Pros: Crazy and a bit chaotic, there is a lot going on. Clearly defined characters are well performed by the whole cast. Great use of the small performance space.
Cons: The humour falls flat and the comic timing needs to be worked on. Although it would benefit from fewer scenes, the plot is a little predictable but enjoyable none the less.
Nobody’s Business is a situational comedy set in a low rent business centre run by Howard, a bumbling, diffident, dog lover and his “concierge” Sybil. When a charming but devious entrepreneur, Hugo, arrives to set up his business extracting money from the European Fund, all sorts of mayhem ensues. Inventors are paraded through the office with crazy ideas and even crazier behaviour and we meet Hugo’s long suffering girlfriend, Imogen, whose artistic bent belies her intelligence and business acumen. Somehow, in all the madness and machinations, Sybil becomes a director in the dummy business and contrives with Imogen to whip the funding out from under Hugo’s feet to turn the crazy invention into a successful business venture.
Nobody’s Business is an upbeat production with lots of movement, which at times feels a little over-used, in particular with the many entrances and exits. Musical interludes and cheesy dance sequences punctuate the flow and the sound and lighting are commendably apt in such a small theatre space. The characters, though a little clichéd, are likeable and well defined. Sybil is the star of the show – Katy Manning plays this role with enormous energy and flourish, appropriate to the style of comic writing. Manning’s diminutive stature does not hinder her from filling the stage with personality and charm. Tristan Beint is convincing as the desperate, slightly sleazy Hugo, his every word delivered with credible character. Claire Jeater and Stephen Oswald add contrast as the more altruistic Imogen and Howard and Jeremy Drakes stirs up the farcical action as the various inventors.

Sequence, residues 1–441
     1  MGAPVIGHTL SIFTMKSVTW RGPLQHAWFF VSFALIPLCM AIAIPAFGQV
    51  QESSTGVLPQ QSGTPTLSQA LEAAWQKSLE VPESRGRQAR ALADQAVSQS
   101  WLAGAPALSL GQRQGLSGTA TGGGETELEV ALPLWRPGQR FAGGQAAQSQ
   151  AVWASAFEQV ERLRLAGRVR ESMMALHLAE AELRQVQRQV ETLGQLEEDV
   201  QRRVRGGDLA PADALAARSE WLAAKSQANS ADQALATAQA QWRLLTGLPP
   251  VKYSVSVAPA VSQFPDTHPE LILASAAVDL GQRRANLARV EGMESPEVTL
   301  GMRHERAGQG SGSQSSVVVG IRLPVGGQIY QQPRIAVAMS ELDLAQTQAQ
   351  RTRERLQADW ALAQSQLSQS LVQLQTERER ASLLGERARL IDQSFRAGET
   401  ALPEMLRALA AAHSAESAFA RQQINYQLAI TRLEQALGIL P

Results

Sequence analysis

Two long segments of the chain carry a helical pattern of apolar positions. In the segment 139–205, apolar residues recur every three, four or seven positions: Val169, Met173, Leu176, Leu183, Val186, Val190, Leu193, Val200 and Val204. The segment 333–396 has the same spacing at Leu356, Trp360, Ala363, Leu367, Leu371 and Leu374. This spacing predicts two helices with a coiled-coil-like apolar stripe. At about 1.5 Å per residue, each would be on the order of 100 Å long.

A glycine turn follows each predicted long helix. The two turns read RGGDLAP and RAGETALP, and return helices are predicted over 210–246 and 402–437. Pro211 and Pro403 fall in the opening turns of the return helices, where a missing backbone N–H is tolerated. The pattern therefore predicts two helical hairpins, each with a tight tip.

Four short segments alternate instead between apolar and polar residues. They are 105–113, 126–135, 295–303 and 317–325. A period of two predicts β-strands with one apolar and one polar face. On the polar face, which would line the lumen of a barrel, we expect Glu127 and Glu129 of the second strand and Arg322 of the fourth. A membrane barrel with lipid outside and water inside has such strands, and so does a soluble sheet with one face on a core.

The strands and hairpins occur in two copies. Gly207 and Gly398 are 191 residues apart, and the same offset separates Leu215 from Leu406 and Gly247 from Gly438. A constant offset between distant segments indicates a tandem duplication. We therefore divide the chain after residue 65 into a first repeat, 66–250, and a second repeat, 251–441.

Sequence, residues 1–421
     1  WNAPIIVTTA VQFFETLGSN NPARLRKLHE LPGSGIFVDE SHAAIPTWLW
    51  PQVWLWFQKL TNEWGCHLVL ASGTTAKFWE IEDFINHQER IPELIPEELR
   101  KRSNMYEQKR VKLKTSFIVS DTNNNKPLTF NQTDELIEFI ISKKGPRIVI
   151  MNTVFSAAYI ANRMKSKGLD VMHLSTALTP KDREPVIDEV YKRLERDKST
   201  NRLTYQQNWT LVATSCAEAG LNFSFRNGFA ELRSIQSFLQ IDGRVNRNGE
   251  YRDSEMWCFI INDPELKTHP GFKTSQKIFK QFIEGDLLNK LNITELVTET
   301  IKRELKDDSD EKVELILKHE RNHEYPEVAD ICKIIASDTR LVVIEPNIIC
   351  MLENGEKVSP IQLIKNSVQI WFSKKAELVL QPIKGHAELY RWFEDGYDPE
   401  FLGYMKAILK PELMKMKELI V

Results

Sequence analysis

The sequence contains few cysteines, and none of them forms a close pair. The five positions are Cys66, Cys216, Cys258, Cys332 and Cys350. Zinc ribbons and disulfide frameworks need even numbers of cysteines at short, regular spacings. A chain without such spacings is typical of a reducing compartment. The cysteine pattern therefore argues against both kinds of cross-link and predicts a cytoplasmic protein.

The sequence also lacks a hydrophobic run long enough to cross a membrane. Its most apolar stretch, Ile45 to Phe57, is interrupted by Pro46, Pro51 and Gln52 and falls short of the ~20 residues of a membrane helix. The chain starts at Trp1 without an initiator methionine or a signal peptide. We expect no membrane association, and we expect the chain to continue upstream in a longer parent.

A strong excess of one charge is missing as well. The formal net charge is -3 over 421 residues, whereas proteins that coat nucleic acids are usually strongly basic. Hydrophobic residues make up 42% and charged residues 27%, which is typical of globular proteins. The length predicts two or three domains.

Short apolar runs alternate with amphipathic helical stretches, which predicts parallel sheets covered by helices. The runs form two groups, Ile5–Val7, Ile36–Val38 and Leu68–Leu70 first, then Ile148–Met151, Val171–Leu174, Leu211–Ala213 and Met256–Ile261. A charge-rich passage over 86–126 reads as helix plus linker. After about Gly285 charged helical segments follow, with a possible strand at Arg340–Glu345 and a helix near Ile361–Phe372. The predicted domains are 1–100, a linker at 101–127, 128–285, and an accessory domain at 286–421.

This style of old school, situational comedy is reminiscent of the work of Alan Ayckbourn and there are some real strengths in the writing and direction involved in this production. The success of situation comedy relies almost entirely on comic timing – delivery of every line, facial expression and movement is intrinsic to how much comedic impact it has. This production has bundles of potential but sadly fell entirely short of the mark. I wonder if the small audience size contributed to these difficulties: after all, this type of humour may not be everyone’s cup of tea. In preview, a small audience may also inhibit the production team’s ability to read their response, meaning the opportunity for chuckle-inducing direction is missed. I could hear there were gags there but it all felt very flat, I wanted to laugh but it just never came. That said, part of me enjoyed Nobody’s Business and the inoffensive, non-confrontational feminism and political comment that underpin it.
Although I commend the risk the theatre have taken by situating the audience on three sides of the stage, I do wonder how well it would have worked had the theatre been full. It’s not easy to play to three sides of the stage and it adds unnecessary complexity to a tiny theatre space. Fair play to the King’s Head for mixing it up a bit – it’s always a pleasure to pay them a visit, particularly on a quiet weeknight when you can grab a table in the bar.
Author: Sylvia Freedman
Director: John Adams
Designer: Jamie Simmons
Lighting Design: Sherry Coenen
Booking until: 24th October 2015
Booking link: https://kingsheadtheatre.ticketsolve.com/shows/873536938/events?TSLVq=18944c97-d727-4dae-aa03-2e0c15418cf7&TSLVp=9369b439-9395-44ce-99d4-3197e699642f&TSLVts=1445347094&TSLVc=ticketsolve&TSLVe=kingsheadtheatre&TSLVrt=Safetynet&TSLVh=92e7fbd19554a321efb308475c6e5f73